In reality, British policy in relation to Nazi Germany bears a twofold character. On the one hand, Britain has consistently helped and continues to help German arming. The revelations of the Financial News articles on the ‘Finance of German Rearmament’ (quoted in the International Press Correspondence, no 21), the Bank of England’s credit policy to the Reichsbank, the answers of the President of the Board of Trade, Runciman,  on the export of aeroplane engines to Germany, all recently illustrate this process. Diplomatically, Britain has helped Germany to smash Versailles and to torpedo the Eastern Pact.
But at the same time British policy is no less concerned to check German expansion from threatening British interests. Germany must not threaten the peace of Western Europe. Germany must not seek again to become a world power on a naval and colonial basis. The war of 1914 settled that issue, which must not be reopened. But, given these limitations, Germany’s right to a dominant military position in Europe is freely recognised: ‘Germany simply must be given a position appropriate to a nation which is normally the most powerful single state in Europe.’ (Times editorial, 3 May 1935)
At the same time it is insisted in every governmental statement that, while Britain insists on the maintenance of peace in Western Europe, Britain has no direct concern or commitment with regard to what may happen in Eastern Europe.
What is the effect of this policy taken as a whole? It is perfectly clear that the net effect of this policy is to drive Germany to the line of Eastern expansion. This underlies all the twists and turns of British policy.
Hitler understood this very well in his speech, which, like many previous moves and declarations, bears every sign of having been concocted in consultation with Britain, and whose utterance was actually delayed several days in such a way as to be timed to fall on the eve of the British parliamentary debate.
The whole character of the speech was a direct appeal to British collaboration:
The German government willingly recognises the overwhelming vital importance of predominant sea protection for the British Empire, just as we are determined to do everything to protect our own continental existence and freedom.
The German government has the sincere desire to reach and maintain a relation to the British state and nation which will for ever prevent a repetition of the previous conflict between the two nations.
On the naval issue, on the colonial question, on the question of the Western frontiers, on the Western Air Pact, that is, on all the questions of special concern to Britain, the most solemn assurances are offered; and Locarno  – which is intended to be used as a counter-weapon to the Franco-Soviet Pact  – is underlined.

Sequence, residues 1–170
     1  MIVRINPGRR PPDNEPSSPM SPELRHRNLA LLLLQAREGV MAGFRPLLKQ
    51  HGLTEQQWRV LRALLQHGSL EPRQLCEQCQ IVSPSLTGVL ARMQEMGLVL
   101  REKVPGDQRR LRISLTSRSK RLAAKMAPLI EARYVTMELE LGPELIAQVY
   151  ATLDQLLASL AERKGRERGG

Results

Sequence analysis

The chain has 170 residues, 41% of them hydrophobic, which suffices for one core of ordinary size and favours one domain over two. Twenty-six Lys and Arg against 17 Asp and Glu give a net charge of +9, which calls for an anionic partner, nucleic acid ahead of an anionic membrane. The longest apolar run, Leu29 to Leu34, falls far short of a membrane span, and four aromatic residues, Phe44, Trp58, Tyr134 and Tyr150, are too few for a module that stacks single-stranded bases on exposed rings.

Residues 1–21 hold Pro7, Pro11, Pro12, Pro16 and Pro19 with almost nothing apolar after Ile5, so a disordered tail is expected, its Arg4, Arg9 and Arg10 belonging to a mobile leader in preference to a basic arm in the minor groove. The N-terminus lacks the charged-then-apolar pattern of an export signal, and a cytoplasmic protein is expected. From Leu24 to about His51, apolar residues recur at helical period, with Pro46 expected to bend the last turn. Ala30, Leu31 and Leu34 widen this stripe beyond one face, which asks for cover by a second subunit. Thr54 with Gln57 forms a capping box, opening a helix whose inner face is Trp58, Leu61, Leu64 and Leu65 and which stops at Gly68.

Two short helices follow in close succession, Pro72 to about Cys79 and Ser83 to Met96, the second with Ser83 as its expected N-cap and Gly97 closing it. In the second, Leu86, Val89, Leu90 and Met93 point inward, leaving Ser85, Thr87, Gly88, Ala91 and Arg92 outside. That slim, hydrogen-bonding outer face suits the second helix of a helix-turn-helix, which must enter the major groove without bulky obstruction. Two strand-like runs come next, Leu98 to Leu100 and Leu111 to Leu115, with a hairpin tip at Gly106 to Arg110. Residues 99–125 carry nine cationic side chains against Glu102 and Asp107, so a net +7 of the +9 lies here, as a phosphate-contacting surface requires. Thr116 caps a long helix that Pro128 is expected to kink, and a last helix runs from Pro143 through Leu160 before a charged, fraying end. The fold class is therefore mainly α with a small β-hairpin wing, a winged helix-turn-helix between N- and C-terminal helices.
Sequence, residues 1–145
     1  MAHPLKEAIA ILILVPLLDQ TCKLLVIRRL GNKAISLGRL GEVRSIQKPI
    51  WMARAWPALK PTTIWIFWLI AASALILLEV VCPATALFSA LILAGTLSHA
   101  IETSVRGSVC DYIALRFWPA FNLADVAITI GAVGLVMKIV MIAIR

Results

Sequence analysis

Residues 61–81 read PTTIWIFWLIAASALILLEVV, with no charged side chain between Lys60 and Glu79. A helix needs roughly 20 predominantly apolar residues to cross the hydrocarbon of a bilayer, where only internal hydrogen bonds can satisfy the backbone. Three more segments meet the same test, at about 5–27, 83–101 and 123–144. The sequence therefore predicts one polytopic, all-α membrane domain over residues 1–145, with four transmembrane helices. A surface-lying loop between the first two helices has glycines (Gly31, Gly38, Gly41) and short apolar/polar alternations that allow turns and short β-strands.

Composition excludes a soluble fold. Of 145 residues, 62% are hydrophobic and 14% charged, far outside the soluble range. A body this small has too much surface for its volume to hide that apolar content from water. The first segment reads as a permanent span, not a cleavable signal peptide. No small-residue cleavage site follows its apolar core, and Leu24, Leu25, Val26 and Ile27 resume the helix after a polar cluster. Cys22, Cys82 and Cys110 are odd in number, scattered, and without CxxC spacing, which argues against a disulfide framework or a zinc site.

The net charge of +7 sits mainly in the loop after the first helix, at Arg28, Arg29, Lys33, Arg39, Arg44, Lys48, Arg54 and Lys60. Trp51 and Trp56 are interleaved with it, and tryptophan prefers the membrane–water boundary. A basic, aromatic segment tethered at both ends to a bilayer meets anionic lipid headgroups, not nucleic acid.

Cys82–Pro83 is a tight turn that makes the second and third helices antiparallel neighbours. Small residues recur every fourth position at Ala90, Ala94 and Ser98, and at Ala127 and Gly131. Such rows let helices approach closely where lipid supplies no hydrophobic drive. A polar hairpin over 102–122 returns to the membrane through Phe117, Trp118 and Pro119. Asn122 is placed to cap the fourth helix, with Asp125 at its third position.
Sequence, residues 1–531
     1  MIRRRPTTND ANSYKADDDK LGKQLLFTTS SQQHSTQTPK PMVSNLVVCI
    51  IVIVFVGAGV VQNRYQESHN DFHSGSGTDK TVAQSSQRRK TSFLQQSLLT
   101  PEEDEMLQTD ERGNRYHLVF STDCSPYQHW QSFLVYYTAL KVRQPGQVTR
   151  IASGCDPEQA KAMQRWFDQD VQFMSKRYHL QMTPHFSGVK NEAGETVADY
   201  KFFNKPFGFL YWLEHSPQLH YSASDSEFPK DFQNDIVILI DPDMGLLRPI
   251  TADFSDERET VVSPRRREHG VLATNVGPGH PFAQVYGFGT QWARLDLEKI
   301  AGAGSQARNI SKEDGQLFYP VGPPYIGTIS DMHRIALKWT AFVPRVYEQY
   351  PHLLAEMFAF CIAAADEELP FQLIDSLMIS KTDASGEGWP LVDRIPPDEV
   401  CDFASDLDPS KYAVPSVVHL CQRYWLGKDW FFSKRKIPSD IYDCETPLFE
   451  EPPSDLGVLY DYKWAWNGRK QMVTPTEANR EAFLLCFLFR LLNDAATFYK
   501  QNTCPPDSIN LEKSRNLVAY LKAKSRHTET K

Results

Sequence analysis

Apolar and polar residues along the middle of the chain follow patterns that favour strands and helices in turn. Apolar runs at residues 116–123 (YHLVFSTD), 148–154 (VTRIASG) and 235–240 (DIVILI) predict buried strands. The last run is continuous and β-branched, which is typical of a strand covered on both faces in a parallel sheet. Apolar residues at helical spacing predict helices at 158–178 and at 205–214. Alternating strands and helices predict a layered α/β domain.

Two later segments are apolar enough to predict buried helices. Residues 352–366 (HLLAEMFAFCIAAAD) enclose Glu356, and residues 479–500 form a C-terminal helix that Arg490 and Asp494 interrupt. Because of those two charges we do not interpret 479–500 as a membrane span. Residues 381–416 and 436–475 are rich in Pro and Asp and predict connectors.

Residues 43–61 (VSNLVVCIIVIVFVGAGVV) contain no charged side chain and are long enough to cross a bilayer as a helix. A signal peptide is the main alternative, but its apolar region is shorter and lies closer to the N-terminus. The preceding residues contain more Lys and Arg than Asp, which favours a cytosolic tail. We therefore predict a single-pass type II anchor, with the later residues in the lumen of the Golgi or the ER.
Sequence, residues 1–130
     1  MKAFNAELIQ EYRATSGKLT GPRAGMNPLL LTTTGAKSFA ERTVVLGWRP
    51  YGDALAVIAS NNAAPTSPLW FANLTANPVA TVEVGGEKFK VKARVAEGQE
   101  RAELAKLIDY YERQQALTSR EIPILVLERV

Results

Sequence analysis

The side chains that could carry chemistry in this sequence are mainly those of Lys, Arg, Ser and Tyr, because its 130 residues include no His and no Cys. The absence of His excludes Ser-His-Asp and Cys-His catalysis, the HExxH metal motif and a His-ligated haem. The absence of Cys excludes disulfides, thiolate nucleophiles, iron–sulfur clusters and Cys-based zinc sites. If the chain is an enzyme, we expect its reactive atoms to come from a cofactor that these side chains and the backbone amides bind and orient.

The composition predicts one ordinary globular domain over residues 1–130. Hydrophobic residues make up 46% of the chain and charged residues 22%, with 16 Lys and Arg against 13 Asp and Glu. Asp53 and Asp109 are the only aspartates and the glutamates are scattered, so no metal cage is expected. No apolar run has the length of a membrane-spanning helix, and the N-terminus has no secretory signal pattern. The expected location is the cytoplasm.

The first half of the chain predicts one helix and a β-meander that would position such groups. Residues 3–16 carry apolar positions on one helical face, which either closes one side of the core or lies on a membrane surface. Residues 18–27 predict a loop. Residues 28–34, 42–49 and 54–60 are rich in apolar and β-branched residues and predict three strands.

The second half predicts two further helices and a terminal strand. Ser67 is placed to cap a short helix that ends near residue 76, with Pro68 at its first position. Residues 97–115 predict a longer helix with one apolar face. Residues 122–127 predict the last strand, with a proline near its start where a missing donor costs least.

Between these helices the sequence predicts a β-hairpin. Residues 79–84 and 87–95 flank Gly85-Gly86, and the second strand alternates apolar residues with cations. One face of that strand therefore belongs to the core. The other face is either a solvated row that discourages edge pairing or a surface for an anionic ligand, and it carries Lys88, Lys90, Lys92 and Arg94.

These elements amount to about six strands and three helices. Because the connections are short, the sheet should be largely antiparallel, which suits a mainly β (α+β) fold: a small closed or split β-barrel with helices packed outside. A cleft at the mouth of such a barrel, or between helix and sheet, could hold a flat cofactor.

But in all the other directions the war aims are unconcealed. The ‘mania for collective cooperation, collective security, collective obligations, and so forth’ is denounced; ‘localised conflicts’ are advocated as the better method; the Franco-Soviet Pact is denounced; the projected Eastern Pact is denounced; there can be no question of promising non-aggression to Lithuania; the full hymn of hate is sung against the Soviet Union; it will be impossible ‘to prevent inter-state conflicts in the East; it is infinitely difficult in such a case to determine the guilty party’. The path to future war is thus openly indicated.
Did British expression for a moment show any opposition to this open declaration of war-intentions, or even repudiate such an extreme bellicose declaration in time of supposed peace from the leader of one state to another state? On the contrary, Baldwin, speaking officially for the British government, paid a tribute of welcome to the pronouncement and promised ‘the very closest attention in a spirit of sympathy’. The Times found it ‘reasonable and straightforward... the basis of a complete settlement’. The Daily Herald,  of course, was foremost in welcoming Hitler’s speech as ‘a good basis... it is now for Great Britain to reply in the same spirit’. The Daily Mail  found Hitler’s speech the height of European statesmanship: